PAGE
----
A headline on PRWeek.com caught my eye today: Public sector needs private help to offset cutbacks. The gist of it was that £1bn of private sector sponsorship will be sought to support marketing and public relations for British tourism around the 2012 Olympics.
Frustratingly, the article didn’t really elaborate on the headline, and neither did the press notice on the Department of Culture Media and Sport website shed any light on how this might work. But it got me thinking about the potential of sponsorship to help fund public sector comms as we face a period of serious belt-tightening.
The Government’s Change 4 Life campaign to tackle rising obesity has had massive private support, with big-name brands such as Asda, Flora, Tesco and Unilever getting behind it. But they aren’t sponsors in the true sense. They have supported the Change for Life movement once it launched, rather than provided direct funding to the campaign and shaped its development.
The 2004 joint British Heart Foundation and NHS stop-smoking adverts were an example of the private sector pooling resources with a partner – albeit a charity rather than a corporate – on a campaign. There were benefits to the message coming from a respected charity as well as the NHS, although in this instance I think the lion’s share of the funding came from the NHS.
The signals coming from the new administration suggest we won’t see any more large-scale government-funded health promotion campaigns for a while. But it
is not difficult to imagine such campaigns being funded by the private sector. A safe-sex campaign funded by a condom manufacturer but leveraging the trust and the NHS brand as well, perhaps? Or a nicotine replacement product sponsoring a stop-smoking campaign?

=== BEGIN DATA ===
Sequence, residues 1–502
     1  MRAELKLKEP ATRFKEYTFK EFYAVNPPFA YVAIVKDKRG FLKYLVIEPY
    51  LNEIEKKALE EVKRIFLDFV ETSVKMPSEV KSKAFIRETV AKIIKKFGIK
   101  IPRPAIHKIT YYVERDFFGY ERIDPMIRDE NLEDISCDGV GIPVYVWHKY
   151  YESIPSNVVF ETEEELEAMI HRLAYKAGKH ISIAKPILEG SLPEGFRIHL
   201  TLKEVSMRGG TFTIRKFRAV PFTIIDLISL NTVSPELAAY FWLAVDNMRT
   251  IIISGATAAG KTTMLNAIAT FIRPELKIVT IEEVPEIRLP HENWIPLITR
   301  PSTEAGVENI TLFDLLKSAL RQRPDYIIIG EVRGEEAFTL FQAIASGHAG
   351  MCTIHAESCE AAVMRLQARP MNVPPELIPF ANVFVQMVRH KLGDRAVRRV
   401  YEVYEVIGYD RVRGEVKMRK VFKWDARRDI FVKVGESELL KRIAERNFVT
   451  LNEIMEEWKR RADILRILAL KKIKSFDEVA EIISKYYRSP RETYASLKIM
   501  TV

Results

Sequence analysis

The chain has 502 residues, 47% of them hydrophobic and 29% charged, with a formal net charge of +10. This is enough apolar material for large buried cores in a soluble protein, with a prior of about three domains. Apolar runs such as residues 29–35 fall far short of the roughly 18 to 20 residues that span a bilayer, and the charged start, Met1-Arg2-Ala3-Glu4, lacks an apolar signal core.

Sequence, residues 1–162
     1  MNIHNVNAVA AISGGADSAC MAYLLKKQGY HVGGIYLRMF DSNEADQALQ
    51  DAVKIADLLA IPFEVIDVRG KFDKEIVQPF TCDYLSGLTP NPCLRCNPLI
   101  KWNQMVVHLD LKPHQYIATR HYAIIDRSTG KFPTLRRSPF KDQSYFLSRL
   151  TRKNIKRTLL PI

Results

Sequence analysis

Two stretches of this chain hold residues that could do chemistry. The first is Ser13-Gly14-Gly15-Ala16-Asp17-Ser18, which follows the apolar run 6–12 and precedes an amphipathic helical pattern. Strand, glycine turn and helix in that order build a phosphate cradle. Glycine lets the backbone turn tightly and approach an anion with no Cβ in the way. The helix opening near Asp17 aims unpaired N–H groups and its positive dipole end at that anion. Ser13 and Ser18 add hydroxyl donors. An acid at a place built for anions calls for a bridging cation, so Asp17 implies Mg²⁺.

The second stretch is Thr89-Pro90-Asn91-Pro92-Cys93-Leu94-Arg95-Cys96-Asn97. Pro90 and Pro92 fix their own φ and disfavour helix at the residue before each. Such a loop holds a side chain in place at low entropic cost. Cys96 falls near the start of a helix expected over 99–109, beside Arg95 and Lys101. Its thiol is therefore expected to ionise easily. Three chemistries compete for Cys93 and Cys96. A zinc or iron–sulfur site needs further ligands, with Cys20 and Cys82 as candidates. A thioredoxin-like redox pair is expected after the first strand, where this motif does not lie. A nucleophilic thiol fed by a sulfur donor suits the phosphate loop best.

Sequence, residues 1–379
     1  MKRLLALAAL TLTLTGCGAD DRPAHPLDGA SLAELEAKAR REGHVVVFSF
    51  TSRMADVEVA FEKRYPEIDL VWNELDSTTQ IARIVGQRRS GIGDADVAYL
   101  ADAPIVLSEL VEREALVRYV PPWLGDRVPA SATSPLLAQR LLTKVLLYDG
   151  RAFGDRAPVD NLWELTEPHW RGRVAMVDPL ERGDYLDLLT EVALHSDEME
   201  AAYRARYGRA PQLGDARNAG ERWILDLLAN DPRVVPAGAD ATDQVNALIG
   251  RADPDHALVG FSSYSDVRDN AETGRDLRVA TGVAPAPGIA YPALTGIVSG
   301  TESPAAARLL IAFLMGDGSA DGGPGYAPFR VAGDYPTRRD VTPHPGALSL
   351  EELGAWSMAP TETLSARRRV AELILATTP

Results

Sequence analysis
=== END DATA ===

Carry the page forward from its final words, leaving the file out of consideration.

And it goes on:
And the opportunities aren’t limited to public health: Think road safety messages, early-reading and climate change campaigns, and so on. Equally, sponsorship needn’t be for large scale campaigns. I was working with a foundation trust recently which was seeking sponsorship to cover the cost of its members newsletter. It’s simple, but many more organisations could be doing it.
I saw an ad on TV recently that gave the impression it was a public health message, directing viewers to a website for help and advice on quitting smoking, which was in fact from a nicotine replacement product. I’m sure they would have loved to be able to use the NHS brand in their campaign.
And brand is the crux of the issue. Public sector brands must be careful not to be seen to be giving unfair advantage to one product over another in a competitive marketplace. But where there are powerful public sector brands, such as the NHS, it seems daft not to leverage all the value they have, to achieve their aims, when hard cash is so hard to come by.
Brand-fit is an important factor in any sponsorship. For every brand that would like to have some of the trust and respectability of the NHS brand rub-off on its own, there is another that would run a mile from the NHS’s perceived failings and ‘nannying’.
When I headed the NHS brand management team at the Department of Health, we carried out some research and published some useful guidance on communications partnerships. The most important elements for success are having clearly agreed joint objectives from the start and that all important ‘brand-fit’.
The research showed that people have a ‘gut reaction’ of either comfort or discomfort when they see the NHS in partnership with another organisation based on a number of factors, the most important being how well they think the partner’s business and brand values fit with those of the NHS. If there was any mismatch between what the NHS and the partner do and stand for, audiences are likely to either question the partnership or reject the communication. So tobacco companies and fast food brads wouldn’t
work, but sportswear brands or brands with the appropriate values of care and compassion would.
Then, of course, come the risks of any partnership and the potential loss of control and impact on reputation when you work with any third party. But the benefits of such partnerships could be well worth it as we seek to carry on delivering vital communications campaigns with far fewer resources to support us.